Marketing Communication Twice Removed, By Jill Schuller
The name of my marketing firm has the word “communications” in it. Why? Because while considering our role and mission, it boiled down to the fact that marketing is just an exercise in communicating with an audience. All businesses communicate their strengths, benefits, and their compelling reasons to choose their company or product over a similar one. Communication is external and internal, and it affects every facet of every organization.
For marketing, we focus on communicating a message that resonates with the end customer. But the key to unlocking that effective message is more complex than filling out a few answers on an intake form: it relies on understanding what problems a company has to overcome, interpreting those problems, having clarity about their target audience’s needs, matching the problem up to a solution, and then finding the best vehicle to drive the message to the buyer and the buyer to the client’s door.
In years past, face-to-face meetings to do ‘discovery’ to develop an understanding, as well as to review creative strategies and solutions, were the only way we did business. Now because so many companies have clients well outside of a quick driving distance, we use teleconferencing and emails and text messages and ftp sites. We have a whole slew of communication tools to make things more convenient and timely, but sometimes go too far and remove us from the face-to-face contact between client and provider.
Which raises a conundrum: Are all the latest communication tools improving communication or complicating it? Is there any business person out there who has not, at least once, expended triple their time trying to re-explain an email to someone that may have misinterpreted the intended message?
Absolutely, the techno-age tools are great and all have their place in our increasingly competitive world, and even as innovative marketing tools. But how we use them can create a breakdown in the message and response function, and can contradict the goal of speed by adding to our time management challenges.
Recently, a time-management expert mentioned that we all complain about the 100’s of emails we get each day, but we only need to respond to about 15% of them. The kicker was that WE are the culprits behind our own overflowing email inboxes! We send out emails and do not state “no response needed, just an ‘FYI’ for you.” So, the receiver sends back a response – “Thanks for the info.” And we send the obligatory “Thanks” email in response to the thanks message. A modern day Abbot & Costello could make a good satire out of this!
But here is the deeper conundrum, far beyond a simple dilemma of time management. If we are spending time spinning wheels and creating unnecessary work, less time is spent on spinning a good strategy to a problem. For any business or organization to be effective we have to be ‘thought leaders’; in other words, the currency of success is time spent thinking through a problem to come to an innovative solution.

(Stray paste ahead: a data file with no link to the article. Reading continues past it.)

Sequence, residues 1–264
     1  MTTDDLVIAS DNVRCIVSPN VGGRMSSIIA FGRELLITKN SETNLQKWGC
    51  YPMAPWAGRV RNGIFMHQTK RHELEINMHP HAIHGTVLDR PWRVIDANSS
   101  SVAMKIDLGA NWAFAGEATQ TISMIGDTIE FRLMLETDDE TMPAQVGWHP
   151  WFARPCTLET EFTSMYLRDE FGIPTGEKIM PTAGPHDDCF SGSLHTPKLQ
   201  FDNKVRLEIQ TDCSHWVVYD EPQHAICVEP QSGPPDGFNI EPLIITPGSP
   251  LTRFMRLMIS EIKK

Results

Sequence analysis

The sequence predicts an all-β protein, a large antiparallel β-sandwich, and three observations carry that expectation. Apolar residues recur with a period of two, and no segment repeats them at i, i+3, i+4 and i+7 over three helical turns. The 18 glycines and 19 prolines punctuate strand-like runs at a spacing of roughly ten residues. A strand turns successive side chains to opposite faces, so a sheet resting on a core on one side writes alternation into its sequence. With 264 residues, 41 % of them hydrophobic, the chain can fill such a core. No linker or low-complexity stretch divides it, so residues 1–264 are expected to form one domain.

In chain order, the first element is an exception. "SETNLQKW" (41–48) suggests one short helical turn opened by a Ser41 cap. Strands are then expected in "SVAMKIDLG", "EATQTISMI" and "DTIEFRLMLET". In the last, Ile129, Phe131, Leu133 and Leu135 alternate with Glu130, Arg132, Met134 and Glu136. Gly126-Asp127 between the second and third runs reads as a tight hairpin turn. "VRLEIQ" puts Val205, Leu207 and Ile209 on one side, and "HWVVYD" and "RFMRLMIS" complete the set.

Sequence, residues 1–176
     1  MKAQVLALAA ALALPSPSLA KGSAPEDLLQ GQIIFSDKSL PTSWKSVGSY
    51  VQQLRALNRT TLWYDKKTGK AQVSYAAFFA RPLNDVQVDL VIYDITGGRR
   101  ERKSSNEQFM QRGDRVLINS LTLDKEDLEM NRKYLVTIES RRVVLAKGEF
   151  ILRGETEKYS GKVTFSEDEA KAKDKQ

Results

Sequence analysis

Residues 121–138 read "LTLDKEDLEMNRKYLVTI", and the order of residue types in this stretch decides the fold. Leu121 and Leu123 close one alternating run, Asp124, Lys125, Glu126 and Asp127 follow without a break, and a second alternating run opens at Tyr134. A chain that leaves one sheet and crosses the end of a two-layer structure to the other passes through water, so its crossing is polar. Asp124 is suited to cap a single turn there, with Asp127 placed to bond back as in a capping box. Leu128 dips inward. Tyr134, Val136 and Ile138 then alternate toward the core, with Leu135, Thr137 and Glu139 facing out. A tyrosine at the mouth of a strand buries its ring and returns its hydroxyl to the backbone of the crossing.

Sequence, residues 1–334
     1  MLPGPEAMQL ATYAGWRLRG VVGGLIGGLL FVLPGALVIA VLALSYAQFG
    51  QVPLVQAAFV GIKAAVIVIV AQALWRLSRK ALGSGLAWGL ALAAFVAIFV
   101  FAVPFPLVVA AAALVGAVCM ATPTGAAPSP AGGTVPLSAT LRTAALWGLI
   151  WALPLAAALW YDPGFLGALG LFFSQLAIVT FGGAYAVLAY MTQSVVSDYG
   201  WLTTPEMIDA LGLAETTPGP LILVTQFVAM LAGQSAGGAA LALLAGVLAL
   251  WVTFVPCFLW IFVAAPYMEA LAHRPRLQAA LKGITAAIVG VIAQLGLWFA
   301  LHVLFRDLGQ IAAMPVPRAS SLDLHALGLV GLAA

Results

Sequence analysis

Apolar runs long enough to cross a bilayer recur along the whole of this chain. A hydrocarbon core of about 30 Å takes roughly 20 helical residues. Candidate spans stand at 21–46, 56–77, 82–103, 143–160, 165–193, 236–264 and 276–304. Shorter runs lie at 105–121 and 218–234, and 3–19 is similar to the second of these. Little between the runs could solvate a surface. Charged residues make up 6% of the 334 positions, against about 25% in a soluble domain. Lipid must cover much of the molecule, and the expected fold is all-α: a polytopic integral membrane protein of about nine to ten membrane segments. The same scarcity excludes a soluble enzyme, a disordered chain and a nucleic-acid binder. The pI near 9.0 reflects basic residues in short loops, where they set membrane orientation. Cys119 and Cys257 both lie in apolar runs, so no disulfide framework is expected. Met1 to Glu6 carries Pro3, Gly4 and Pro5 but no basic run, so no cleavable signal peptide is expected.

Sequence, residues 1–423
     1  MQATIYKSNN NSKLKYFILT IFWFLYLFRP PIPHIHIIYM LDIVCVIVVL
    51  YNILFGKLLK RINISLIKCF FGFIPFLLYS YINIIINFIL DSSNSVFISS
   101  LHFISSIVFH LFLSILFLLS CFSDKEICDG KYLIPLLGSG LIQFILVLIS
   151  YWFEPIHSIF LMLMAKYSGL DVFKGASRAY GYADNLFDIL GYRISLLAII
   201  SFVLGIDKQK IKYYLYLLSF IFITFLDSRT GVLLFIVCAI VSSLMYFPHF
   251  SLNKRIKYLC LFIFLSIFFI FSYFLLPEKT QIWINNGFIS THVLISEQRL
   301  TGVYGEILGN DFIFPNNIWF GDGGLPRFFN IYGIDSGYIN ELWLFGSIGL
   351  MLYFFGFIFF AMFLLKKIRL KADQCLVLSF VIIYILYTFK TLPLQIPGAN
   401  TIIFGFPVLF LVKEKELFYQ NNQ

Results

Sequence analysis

Electronic communication has a vital role in the scheme of business, but there needs to be clearly defined guidelines about when to email and when to text message and when to meet in person. So much of the core of what a marketing firm does for its clients is based on having extraordinary communication. The creative process and the strategic process both share this need for clear dialog. It’s much easier to engage in ‘active listening’ techniques when you are in the same room with a client, rather than when you are trading emails.
Communication is messy under the best of circumstances – I don’t always interpret or perceive the information the way my client meant it, and they don’t always express themselves the way they intended. If I lose the opportunity to re-state what I heard, they lose the opportunity to clarify for me what they meant, and sometimes to even clarify for themselves so we can work out an alternative strategy together. And to make things messier, everyone likes different methods of communication. Some truly do communicate best in email where they can solidify their thoughts and then hit ‘send’, rather than feel rushed to formulate their thoughts in person.
Here are five questions to help evaluate and avoid your own communication conundrum:
- Have I asked my own clients/suppliers/staff in which method they prefer for me to communicate to them?
- Is this a complex question or explanation? And, if yes, what is the most EFFECTIVE way to communicate it?
- Am I really just avoiding having direct contact because it seems easier to email? And if it is ‘easier’, am I being clear in my response or question to avoid the mega-email-reply-to-your-reply syndrome?
- Do I need to keep a paper trail of my communications, and if so, would a brief summary confirmation email to a live conversation serve that purpose?
- What ways can I improve the effectiveness and the efficiency of my own communication – active listening, follow up reports to meetings, more concise and clear emails with clear subject lines, etc.?